The A-11 Football League took the first big step toward kicking off a spring 2013 season when it began last week to formally engage with more than 20 interested city groups (including both municipal governments and sports authorities) in nearly as many states.

League officials will release the names of charter league members (at least 10 are expected to compete during the inaugural season) individually as they come on board. Home states of interested city groups include Arizona, Arkansas, California, Connecticut, Georgia, Kansas, Kentucky, Louisiana, Nebraska, New Jersey, New Mexico, New York, Nevada, Ohio, Oklahoma, Texas, Utah, Virginia and Washington. More than one city group has expressed interest in Califorina, Ohio and Texas, according to Kurt Bryan, co-founder of both the league and its namesake offensive scheme that opens the game of 11-man football to exponentially more play-calling options than conventional football.

"Nearly all of the city groups we're dealing with have come to the realization that they will never have an NFL team," Bryan says. "This is their golden opportunity to acquire the lifetime rights for their home market in order to bring an A-11FL franchise to their city. Our model is a combination of the Green Bay Packers model and Major League Soccer, with a little bit of A-11 innovation thrown in."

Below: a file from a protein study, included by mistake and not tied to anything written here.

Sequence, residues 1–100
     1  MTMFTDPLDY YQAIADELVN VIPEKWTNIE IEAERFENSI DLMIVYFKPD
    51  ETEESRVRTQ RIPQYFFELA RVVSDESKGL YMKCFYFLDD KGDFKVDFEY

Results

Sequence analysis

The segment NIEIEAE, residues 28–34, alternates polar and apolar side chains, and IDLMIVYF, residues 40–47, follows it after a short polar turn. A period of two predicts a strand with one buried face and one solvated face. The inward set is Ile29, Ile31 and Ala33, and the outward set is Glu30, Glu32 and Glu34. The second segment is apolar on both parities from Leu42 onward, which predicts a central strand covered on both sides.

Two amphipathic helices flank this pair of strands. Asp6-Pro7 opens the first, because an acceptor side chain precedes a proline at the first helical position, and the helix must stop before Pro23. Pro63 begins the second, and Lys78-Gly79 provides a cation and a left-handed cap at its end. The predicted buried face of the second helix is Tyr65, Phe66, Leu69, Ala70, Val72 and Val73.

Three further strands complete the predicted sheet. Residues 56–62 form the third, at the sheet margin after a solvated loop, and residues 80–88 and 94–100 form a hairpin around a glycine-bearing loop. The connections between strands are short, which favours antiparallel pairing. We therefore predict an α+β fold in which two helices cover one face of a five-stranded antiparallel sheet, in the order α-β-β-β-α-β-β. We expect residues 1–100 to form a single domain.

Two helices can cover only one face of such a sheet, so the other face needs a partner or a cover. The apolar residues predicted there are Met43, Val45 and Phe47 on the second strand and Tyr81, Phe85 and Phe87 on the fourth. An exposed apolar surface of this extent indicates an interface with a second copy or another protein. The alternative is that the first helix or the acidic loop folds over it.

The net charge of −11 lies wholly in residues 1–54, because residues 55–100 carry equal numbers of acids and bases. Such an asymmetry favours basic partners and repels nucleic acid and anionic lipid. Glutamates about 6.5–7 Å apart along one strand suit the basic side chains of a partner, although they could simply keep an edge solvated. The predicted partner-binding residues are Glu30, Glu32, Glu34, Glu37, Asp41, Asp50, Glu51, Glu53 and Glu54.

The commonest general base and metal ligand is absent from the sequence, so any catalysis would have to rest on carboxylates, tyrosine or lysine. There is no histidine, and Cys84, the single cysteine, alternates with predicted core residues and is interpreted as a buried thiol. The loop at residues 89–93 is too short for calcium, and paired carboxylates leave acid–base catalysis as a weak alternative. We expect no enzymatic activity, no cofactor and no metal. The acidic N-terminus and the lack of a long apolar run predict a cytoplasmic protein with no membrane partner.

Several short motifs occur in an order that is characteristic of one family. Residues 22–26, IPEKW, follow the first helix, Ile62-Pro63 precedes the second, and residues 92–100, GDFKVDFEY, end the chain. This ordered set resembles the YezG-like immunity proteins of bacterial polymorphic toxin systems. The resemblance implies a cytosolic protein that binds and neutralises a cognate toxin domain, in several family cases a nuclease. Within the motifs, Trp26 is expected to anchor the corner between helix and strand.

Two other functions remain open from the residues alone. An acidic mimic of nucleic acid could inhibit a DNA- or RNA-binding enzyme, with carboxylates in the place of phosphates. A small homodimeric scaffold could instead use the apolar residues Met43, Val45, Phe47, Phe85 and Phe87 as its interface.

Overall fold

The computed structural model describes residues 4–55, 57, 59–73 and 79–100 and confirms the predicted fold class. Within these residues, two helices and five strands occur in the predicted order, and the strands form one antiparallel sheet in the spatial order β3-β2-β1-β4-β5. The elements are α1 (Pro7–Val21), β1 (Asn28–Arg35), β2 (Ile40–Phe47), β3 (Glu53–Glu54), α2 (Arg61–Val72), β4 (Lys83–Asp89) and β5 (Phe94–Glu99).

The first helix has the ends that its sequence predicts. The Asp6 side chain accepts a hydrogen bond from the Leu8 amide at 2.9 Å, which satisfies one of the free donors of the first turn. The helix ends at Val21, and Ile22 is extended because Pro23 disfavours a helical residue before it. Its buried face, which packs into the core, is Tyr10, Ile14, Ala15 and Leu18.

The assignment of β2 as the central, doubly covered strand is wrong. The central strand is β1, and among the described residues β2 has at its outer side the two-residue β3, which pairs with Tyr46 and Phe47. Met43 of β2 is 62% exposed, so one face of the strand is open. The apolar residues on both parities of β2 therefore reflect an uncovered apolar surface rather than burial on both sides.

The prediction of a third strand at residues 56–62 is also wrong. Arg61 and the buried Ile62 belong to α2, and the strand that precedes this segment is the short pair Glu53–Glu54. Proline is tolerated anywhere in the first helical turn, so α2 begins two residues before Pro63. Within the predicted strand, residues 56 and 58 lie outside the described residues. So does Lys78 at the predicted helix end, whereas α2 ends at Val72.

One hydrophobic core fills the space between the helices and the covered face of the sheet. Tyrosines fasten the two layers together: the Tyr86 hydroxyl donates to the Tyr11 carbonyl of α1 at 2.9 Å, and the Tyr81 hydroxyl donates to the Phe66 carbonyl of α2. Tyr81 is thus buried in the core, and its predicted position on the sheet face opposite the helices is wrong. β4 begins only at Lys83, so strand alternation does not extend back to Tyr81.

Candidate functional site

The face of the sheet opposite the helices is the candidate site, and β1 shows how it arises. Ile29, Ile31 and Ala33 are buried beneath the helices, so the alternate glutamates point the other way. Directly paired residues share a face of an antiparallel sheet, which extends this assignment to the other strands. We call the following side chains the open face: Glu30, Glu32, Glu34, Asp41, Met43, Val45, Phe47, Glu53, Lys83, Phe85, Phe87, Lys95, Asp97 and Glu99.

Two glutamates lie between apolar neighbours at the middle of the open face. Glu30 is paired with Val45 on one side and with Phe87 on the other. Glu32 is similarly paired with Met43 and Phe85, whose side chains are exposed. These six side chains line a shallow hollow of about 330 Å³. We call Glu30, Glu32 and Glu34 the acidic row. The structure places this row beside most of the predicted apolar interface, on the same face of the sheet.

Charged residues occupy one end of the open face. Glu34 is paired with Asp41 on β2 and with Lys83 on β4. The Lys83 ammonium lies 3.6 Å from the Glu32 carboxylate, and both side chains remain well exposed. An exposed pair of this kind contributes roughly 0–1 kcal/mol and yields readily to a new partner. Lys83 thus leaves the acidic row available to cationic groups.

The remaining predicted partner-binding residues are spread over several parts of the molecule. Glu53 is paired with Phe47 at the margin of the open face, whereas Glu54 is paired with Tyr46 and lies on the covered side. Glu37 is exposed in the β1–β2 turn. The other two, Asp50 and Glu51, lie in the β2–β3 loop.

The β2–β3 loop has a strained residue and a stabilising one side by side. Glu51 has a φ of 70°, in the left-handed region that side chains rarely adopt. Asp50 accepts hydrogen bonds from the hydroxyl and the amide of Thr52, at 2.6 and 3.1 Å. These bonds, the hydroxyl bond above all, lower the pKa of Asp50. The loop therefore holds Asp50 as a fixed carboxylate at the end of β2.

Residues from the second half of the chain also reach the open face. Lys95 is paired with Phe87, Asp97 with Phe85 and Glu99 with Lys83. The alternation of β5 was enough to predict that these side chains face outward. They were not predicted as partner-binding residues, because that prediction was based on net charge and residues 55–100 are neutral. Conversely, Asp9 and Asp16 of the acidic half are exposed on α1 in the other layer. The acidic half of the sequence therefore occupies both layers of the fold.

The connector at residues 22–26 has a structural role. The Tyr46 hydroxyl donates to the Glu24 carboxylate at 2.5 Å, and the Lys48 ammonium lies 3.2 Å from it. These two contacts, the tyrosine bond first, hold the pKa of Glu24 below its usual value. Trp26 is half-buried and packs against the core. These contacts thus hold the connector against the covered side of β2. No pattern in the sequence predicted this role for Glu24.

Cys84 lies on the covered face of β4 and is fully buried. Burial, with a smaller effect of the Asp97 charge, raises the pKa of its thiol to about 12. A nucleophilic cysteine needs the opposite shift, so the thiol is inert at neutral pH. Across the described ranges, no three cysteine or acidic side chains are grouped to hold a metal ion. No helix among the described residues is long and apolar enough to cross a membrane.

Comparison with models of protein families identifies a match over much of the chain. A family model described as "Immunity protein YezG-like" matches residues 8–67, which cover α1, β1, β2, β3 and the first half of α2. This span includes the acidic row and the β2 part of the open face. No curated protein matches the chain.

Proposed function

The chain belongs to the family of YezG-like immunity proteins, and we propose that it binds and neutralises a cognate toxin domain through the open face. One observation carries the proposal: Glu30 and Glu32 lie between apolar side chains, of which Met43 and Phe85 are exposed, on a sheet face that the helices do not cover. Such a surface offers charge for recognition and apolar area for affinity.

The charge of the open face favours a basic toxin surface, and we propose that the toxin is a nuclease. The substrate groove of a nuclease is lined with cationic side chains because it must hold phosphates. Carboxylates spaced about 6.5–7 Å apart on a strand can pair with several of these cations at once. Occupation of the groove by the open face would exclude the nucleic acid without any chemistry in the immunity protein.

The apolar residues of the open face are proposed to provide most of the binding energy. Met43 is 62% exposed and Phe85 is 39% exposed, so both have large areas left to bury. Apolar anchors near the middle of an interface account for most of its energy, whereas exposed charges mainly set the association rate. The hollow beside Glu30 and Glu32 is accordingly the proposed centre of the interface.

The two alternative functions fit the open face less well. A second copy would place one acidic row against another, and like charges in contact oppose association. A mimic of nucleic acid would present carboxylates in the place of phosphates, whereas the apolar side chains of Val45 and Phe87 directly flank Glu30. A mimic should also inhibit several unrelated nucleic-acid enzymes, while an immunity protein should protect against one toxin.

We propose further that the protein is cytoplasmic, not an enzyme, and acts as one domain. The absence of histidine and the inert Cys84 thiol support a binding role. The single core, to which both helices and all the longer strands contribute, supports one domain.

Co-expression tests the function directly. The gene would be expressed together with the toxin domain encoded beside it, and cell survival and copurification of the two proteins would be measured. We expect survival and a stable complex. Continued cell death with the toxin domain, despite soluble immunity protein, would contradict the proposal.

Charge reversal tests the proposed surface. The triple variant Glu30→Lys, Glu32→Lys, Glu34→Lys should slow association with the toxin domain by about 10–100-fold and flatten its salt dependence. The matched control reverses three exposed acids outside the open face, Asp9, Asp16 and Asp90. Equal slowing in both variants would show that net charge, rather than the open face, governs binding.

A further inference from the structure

Start-up franchises will employ a three-step model to raise capital, beginning with a concept called crowd funding. Teams can begin to raise the $1 million total necessary to join the league (and that is legally allowed via crowd funding) by selling stock to their respective fan bases. "Those fans know when they put down their $10 or $20, they are helping to secure the lifetime rights to bring a pro football team to their city," Bryan says. "Green Bay did it in 1923, and they've got a pretty darn good track record."

Next, major private investors will be given the opportunity to partner with teams as owner/operators. Finally, the league has been approached by investment banks to conduct an initial public offering in the fall.

Bryan describes it as a community-based, sustainable model in a market littered with failed professional football leagues. Third-party observers have added their own adjective. "The word I keep hearing, and that I'm very proud of, is 'unselfish,' " he says. "We have developed an unselfish model, and that's how we want to give back to these communities. That's the only way you're going to make it nowadays."

Paul Steinbach is Senior Editor of Athletic Business.